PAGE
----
Man on move

ON THE RAVENS

Ravens pick with Japanese roots could go far

Haruki Nakamura

May 09, 2008|By MIKE PRESTON

During the next three days, a lot of the Ravens' attention will be focused on quarterback Joe Flacco, the team's top draft pick out of Delaware.

But the sleeper of the Ravens' draft is a safety of Japanese heritage out of the University of Cincinnati named Haruki Nakamura.

Nakamura was a sixth-round pick, and general manager Ozzie Newsome and secondary coach Mark Carrier love the guy.

"When I watched him play, he was always moving, always in motion, always getting in the film," Carrier said. "I've always told our guys: `Don't be last getting on the film.' He plays with a sense of urgency. I just love watching the kid play."

The Ravens aren't projecting Nakamura as another Ronnie Lott, Rod Woodson or Ed Reed. But he could be another Bart Scott or Adalius Thomas, players the Ravens discovered in the late rounds or through free agency.

In fact, Newsome said Nakamura could be another Will Demps, who played safety for the Ravens from 2002 through 2004. The Ravens signed Demps as a non-drafted free agent out of San Diego State.

"If they think that, then that's a great compliment," Nakamura said. "When those thoughts are coming from Baltimore, which has one of the best defenses in the league, then it's an honor.

"I'm looking forward to playing there," added Nakamura, who graduated in 3 1/2 years with a major in criminal justice and a minor in communications. "I won't be in awe. I will be excited because I'll be learning from an Ed Reed and a Ray Lewis. This is a great opportunity."

Nakamura seems to make the most of his opportunities. When he came out of St. Edward High and his hometown of Cleveland, none of the big colleges wanted to touch him, except Cincinnati.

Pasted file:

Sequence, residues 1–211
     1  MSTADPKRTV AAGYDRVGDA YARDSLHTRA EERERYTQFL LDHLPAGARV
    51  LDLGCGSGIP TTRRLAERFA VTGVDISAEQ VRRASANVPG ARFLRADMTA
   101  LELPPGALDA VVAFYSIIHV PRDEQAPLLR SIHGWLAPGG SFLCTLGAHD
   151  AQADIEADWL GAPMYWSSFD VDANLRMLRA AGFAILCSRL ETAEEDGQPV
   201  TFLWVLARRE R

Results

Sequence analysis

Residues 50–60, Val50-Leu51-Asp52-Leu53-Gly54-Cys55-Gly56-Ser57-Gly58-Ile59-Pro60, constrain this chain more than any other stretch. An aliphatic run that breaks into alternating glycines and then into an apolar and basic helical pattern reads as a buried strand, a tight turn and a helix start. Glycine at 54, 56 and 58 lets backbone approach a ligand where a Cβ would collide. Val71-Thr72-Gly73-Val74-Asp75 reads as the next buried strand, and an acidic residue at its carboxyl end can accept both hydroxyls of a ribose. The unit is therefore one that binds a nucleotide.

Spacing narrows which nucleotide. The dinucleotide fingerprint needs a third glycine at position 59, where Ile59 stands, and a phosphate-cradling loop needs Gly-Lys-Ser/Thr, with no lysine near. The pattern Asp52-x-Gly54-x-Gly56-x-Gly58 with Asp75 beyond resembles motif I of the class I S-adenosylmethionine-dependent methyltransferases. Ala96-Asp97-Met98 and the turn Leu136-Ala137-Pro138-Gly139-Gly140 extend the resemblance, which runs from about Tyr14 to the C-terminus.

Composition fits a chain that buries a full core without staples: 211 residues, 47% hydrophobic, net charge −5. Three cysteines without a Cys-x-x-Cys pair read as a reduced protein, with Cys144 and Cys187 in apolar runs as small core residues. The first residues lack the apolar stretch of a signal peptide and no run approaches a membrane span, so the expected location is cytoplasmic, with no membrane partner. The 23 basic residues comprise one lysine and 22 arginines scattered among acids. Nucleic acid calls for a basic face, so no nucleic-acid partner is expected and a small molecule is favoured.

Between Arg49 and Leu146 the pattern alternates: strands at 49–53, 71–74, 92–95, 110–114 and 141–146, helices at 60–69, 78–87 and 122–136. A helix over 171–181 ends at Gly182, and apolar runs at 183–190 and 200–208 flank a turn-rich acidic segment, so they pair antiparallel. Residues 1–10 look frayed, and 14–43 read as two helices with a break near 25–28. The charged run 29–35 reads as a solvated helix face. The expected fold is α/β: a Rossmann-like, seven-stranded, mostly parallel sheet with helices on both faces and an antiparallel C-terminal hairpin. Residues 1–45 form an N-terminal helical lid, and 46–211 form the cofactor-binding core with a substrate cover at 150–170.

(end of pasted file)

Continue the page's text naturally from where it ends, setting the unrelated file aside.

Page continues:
Nakamura was a three-year starter and led the Bearcats in tackles with 95 last season. He also had four interceptions and recovered four fumbles.

And now he is an underdog again. He is only 5 feet 10 and weighs 190 pounds. He is unaware of any NFL player that is Japanese.

"I know of some players with Asian ethnicity but none that are Japanese," Nakamura said. "I'm absolutely aware that this might be unique and different, which is why I'm so excited about the opportunity."

Nakamura's father, Ryozo, was an eighth-degree black belt in judo. He was born in Japan and came to the United States to work with the U.S. national judo team. Nakamura's mother, Karen, is a fourth-degree black belt.

Nakamura and his two older brothers, Yoshi and Mako, have been national champions in judo. His father, who died 17 years ago when Nakamura was 5, never wanted his boys to play football.

He wanted them to become U.S. Olympic champions in judo.

"My father had an extensive judo background. He went all over the world, even trained the Egyptian military," Nakamura said. "The only other sport he might have let us play was baseball. He thought football was too dangerous."

In the eighth grade, one of his brothers sneaked Nakamura down to the recreation center and signed him up for football. He has been playing ever since.

Nakamura is a versatile athlete. He can return punts or kicks. In high school, he once was the backup to Ravens quarterback Troy Smith.

"All players have some weaknesses, but he does a lot of little things that make up for them," Carrier said. "He is very good on the run. He might not be as efficient in pass coverage on the back end, but I don't think he is going to hurt you.

"He plays like a Raven. You hear that said a lot around here, but that means something. He is good, physical, plays smart and is aggressive. You like watching him play because he looks like he is having fun."

Nakamura isn't expecting to start, but he is aware of coach John Harbaugh's background with special teams.

He believes that is one of the major reasons the Ravens drafted him. He had pre-draft visits with Cleveland, Cincinnati, Chicago and the Ravens.

This is one more opportunity for the underdog to overachieve.

"It's been that way all my life," Nakamura said. "I think the drive and determination comes from my mother, who was basically a single parent. Regardless of if she was sick or whatever, she went to work every day so I could get an education.

"So if I get hurt, I never give up. I can play with that kind of pain because she always got up for me."

mike.preston@baltsun.com

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